Iowa's Sister Act Brings Points ... And Eye-Rolls

Makenzie Meyer (3) heads into her senior season at Iowa as not only one of the on-court leaders, but a teacher for her younger sister. (USA Today Sports)
John Bohnenkamp

Megan Meyer knows it’s coming.

She’s a freshman on Iowa’s women’s basketball team and, like all freshmen, there are going to be mistakes.

It is a player’s life.

Meyer will hear from the coaches, hear from her teammates.

Then she knows what she’s going to get from her sister.

The eye-roll.

“She’ll come over and roll her eyes, or be like, ‘Megan!’” Megan said, laughing. “I’m at the point where it’s like, OK, it’s coming.”

Makenzie Meyer is a senior who made all of those mistakes early in her career. Her job now, as a starter with all of that game experience, is to help make the younger players better.

Especially her younger sister.

“I don’t know if she sees it all of the time,” Makenzie said with the same laugh. “But any time she makes a little mistake, I’m on the sideline rolling my eyes. I’m trying to get better about it, but, yeah.”

It’s a different dynamic within the Hawkeyes this season — two sisters, four years apart, who won a state championship together at Mason City High School, now on the same college team.

“I think it’s awesome,” senior guard Kathleen Doyle said. “They’re four years apart, but it’s fun having them together on the team.”

“It's going to be interesting having a sister duo on the team,” coach Lisa Bluder said. “Again, it's kind of unusual, and Megan is a lot like Makenzie as far as her 3-point shot capabilities, and I just maybe have to keep them away from each other sometimes, but it'll be fun to have both of them there.”

Bluder is right that the two Meyers are prolific scorers. Makenzie scored 1,589 points in her high school career, then Megan scored 1,882 to become Mason City’s all-time leading scorer. Makenzie is closing in on the 1,000-point mark at Iowa — she has 826 in her first three seasons.

They are both big 3-point shooters — Makenzie has 155 in her career at Iowa, Megan holds Mason City’s single-season record with 71.

Bluder has enjoyed watching the interactions.

“I'm sure they've had some unbelievable battles of horse in their backyard before, and you think of (Iowa wrestling coaches) Tom and Terry Brands and how they go after each other,” Bluder said. “I mean, these two have been competitive, and I think it's a good competition, though. I think it brings out the best in both of them.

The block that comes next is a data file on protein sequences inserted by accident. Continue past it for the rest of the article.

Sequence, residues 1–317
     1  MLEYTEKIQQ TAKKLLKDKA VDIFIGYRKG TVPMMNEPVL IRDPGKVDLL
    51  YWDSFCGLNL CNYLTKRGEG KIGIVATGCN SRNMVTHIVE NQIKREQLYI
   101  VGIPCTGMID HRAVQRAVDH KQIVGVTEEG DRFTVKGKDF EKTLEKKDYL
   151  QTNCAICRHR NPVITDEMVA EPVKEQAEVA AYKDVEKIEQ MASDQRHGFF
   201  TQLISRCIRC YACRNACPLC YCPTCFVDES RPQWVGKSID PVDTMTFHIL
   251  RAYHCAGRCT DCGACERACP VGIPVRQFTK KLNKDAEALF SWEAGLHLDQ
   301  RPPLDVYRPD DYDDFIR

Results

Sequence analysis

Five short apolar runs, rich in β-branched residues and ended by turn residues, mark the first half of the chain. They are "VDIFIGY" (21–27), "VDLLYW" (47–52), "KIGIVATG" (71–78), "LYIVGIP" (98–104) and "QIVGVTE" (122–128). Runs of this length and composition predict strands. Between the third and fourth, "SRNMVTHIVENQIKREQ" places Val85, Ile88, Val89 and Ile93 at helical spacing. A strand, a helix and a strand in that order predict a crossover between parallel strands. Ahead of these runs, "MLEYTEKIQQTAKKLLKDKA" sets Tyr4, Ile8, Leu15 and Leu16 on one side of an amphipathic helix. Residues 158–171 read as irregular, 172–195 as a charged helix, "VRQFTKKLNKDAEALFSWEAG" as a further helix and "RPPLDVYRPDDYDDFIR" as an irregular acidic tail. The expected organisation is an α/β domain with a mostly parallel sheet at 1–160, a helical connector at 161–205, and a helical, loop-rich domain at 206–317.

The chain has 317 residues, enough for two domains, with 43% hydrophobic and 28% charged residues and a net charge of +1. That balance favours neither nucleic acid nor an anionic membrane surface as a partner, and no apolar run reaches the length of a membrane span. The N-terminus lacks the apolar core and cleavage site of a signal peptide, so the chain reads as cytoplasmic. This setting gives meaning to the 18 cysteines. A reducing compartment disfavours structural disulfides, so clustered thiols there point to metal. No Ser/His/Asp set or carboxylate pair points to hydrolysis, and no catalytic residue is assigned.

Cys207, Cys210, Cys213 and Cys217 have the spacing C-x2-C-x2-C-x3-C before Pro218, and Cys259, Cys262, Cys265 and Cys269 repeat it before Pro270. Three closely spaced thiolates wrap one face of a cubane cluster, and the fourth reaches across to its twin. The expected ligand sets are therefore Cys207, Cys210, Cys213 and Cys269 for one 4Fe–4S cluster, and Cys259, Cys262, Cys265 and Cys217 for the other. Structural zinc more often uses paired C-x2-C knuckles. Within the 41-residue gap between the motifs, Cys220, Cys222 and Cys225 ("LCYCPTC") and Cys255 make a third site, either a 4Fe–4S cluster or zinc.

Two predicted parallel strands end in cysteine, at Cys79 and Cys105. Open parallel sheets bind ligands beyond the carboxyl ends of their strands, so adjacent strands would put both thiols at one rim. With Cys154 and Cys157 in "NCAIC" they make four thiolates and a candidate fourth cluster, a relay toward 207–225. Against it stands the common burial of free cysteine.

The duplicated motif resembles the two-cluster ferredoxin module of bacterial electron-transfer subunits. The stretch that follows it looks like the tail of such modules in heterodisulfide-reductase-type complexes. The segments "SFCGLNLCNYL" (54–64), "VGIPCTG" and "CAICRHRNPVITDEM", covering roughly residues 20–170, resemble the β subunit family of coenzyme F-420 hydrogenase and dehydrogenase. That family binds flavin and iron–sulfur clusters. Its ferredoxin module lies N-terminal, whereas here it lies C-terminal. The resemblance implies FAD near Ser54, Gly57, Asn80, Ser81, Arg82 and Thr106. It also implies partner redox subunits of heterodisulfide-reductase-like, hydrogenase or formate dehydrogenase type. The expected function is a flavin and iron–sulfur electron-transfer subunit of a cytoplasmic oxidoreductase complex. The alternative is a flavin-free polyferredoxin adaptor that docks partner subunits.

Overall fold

“It's kind of fun to see Makenzie hold Megan accountable, kind of that big sister, but also senior to freshman, like, ‘This is the way we do things.’ It's a little fun once in a while to see her roll her eyes and be exasperated with her, but it's kind of a unique situation, and it's going to be fun, I think.”

“Whenever we’re in practice, and I mess up a play, she’s the first person to snap at me, tell me what I did wrong,” Megan said. “I mean, I appreciate it. She’s definitely looking out for me.”

Makenzie likes being in that spot. She has logged 2,750 minutes in her college career, with 82 starts. She started 33 games last season on a team that won the Big Ten Tournament and reached the regional finals of the NCAA tournament.

“I think I’ve just matured a lot,” Makenzie said. “I think I’ve grown in my leadership skills a lot. My confidence has improved even more. I think I’m doing a better job of helping out the younger players, the more inexperienced players.”

Megan admitted that there have been the usual difficulties in this transition from high school to college. But what has helped is that Iowa is where she wanted to play.

Asked what it was like to see her uniform for the first time, Megan said, “It was awesome. It’s a moment you can’t really describe. Ever since I was a little kid, especially growing up and being a Hawkeye fan, I’ve always wanted to play for the University of Iowa. And then when you see the uniform in your locker, it’s like, ‘Wow, this actually happened.’”

And it helps that, throughout her sister’s time with the team, Megan got to know her future teammates.

“Coming to games last year, and then waiting to talk to Makenzie after, I got to talk to the rest of the team, too,” she said. “It was nice to have relationships before I even came here.”

There will, of course, continue to be the freshman bumps. And Megan knows who will be among the first to point them out.

“Definitely there are times of ‘sister arguments,’” she said, smiling. “But it’s awesome.

“It’s a lot of fun,” Makenzie said. “We’ve grown a lot in our relationship, matured a lot. It’s so nice to have someone I can talk to about anything. I think it’s helped with my leadership skills. I see Megan making the same mistakes I was as a freshman. It’s really easy for me to get on her. But then I have to realize I was in that position too.

“I just hope I can help her out.”

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